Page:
By Jasmaine Payne
GUYANA saw an addition of at least 36 Leap Year Day babies on February 29. That means that these babies– according to the Modern Gregorian calendar- will technically only celebrate their actual birth date every four years, although the mothers of most of the babies have opted to do so annually on either February 28 or March 1 and grand bash every four years.
According to information received from public hospitals around the country, 13 babies were born at the Georgetown Public Hospital Corporation, three in Region 10 (Linden, Kwakwani and Upper Demerara), one in Skeldon, four in New Amsterdam, 11 in West Demerara, one in Lethem and three in Essequibo.
When 18 year old Tamara Tucker heard that she would be giving birth to her daughter on February 29, rather than think about the birthday situation, she felt that regardless, it was a blessing. “I’ll just celebrate her birthday on March 1 for the other years. I didn’t have any particular reaction to her being born on the Leap Year,” she said. For Tanesha Bernard however, the young mother admitted to at first being puzzled as to how she would celebrate her child’s birthday. “I was really wondering what would happen, and there wasn’t anybody who would tell me what would happen next year when February 29 didn’t come,” she said. Meanwhile, Anjalieene Ketwaroo chose to have her newborn son share his birthday celebrations with family members who all had “regular” birthdays in February. “I haven’t made any plans, I’ll deal with that when next year comes around,” Ketwaroo said.
For those whose birth dates actually circle every 365 days, there is always the question of how Leap Year Day Babies (known as “Leaplings” or “Leapers”) celebrate their birthdays and whether there is any truth behind the myths surrounding Leap Years.
Local folk legends have it that a Leap Year is not one with the best of luck; some believe that Leap Years are actually ill-fated, often making a busy season for death to run rampant, stealing great minds away from the living. Yet, ill-fated or not, actual Leapers feel no such bit of bad luck, except for the tiny fact that, for three years in a row, they have to borrow birthdays from either February 28 or March 1 until their beloved February 29 comes back around. Throughout the span of their lives, it is said that Leapers keep track of two sets of ages: their annual age (how old they really turn after every 365 days) and their quadrennial age (how old they turn according to ‘actual birth date’).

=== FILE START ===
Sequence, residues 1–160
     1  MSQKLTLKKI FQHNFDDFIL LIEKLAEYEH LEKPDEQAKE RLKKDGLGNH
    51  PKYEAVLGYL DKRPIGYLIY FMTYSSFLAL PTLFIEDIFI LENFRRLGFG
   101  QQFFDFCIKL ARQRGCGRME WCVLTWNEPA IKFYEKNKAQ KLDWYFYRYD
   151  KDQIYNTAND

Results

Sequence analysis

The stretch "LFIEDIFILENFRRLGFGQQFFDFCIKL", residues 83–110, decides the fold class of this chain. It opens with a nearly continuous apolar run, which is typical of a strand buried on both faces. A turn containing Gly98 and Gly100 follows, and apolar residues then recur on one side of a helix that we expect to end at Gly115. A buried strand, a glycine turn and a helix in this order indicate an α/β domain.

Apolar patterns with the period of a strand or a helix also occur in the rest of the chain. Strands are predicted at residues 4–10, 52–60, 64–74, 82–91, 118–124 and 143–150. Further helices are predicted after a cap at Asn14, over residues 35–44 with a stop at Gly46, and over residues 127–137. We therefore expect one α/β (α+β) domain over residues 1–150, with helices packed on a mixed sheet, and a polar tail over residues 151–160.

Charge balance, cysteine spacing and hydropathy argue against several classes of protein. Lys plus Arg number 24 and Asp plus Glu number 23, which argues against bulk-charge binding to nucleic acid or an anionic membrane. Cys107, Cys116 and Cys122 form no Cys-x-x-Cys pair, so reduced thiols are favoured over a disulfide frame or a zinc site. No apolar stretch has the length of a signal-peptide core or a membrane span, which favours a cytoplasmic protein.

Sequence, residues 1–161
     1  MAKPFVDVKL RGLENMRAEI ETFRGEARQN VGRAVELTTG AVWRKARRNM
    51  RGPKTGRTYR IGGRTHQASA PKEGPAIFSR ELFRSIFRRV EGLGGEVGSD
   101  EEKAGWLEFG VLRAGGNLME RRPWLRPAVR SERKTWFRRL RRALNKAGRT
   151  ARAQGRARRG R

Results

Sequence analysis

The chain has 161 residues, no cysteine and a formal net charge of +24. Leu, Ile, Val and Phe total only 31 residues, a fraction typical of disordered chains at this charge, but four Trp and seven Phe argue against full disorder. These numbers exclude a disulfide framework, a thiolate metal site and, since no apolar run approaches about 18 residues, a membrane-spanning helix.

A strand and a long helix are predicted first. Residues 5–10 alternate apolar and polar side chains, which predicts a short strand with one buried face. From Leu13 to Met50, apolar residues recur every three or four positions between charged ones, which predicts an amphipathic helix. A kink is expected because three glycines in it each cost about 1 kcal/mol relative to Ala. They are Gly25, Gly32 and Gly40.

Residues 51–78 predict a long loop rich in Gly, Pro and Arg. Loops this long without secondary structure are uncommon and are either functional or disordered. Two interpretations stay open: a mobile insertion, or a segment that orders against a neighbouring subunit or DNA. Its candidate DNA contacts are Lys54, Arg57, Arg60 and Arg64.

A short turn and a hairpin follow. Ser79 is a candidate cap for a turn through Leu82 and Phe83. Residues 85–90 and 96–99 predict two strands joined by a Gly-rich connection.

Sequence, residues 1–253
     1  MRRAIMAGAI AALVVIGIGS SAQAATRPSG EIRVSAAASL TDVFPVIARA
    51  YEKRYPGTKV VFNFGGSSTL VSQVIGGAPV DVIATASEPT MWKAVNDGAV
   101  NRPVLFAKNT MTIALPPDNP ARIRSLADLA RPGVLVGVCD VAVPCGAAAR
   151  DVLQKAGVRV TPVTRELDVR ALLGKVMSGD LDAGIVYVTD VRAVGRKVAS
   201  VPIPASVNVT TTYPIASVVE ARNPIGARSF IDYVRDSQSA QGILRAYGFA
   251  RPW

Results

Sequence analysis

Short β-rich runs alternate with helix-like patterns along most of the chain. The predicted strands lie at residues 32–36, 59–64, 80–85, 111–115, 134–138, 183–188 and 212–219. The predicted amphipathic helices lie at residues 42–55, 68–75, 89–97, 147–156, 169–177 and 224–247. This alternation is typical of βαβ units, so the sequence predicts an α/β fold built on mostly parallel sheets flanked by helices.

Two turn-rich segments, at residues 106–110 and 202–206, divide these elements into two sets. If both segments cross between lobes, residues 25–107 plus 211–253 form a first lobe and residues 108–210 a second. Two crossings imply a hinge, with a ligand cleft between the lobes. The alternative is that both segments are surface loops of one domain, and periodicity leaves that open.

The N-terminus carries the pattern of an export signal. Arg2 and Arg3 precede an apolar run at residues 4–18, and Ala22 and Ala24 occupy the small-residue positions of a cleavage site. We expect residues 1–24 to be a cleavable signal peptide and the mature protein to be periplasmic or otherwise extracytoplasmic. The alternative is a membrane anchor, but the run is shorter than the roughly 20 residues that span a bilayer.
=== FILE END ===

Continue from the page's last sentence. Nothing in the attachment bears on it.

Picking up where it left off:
“When I was growing up, sometimes I would feel special that I was born on a Leap Year, other times I would feel sad that I didn’t have an actual birthday when I saw other children having big parties on the actual date of their birth,” says Ingrid Perreira, a 48 year old who technically has only had 12 actual birthdays in her life. The years that she didn’t have a “birth date”, she said her parents tried very hard to make her feel special on one of the two “borrowed days”. On the years that she did, they would go over the top to make up for the years missed. “But those things not important to me these days, I’m just glad to be alive,” she said.
Apart from Leap Years being tagged as ‘unlucky’, there are other myths surrounding the 366 day year and those born in it. In other parts of the world, some believe that Leapers are actually lucky and possess unusual talents. Others say women should propose to men in a Leap Year as they are unlikely (or unable) to refuse. Others believe that people should never get married or divorced during a Leap Year, lest never ending woe follows them the remaining days of their lives. Of course, as the world moves more toward modernity, many are gravitating towards debunking these myths.
So how does a Leap Year work? Well, while the Gregorian calendar says that the Earth’s orbit around the sun takes 365 days, it actually takes 365 days plus 5 hours, 48 minutes and 45 seconds. That means that every year, there is an extra quarter of a day. After four years, there is an extra day, which is added to the year so as to keep keeping our clocks (and calendars) in sync with the Earth and its seasons. The chances of having a leap birthday are one in every 1,461 births worldwide. To date, it is said that there are approximately 4.1 million people around the world who have been born on February 29.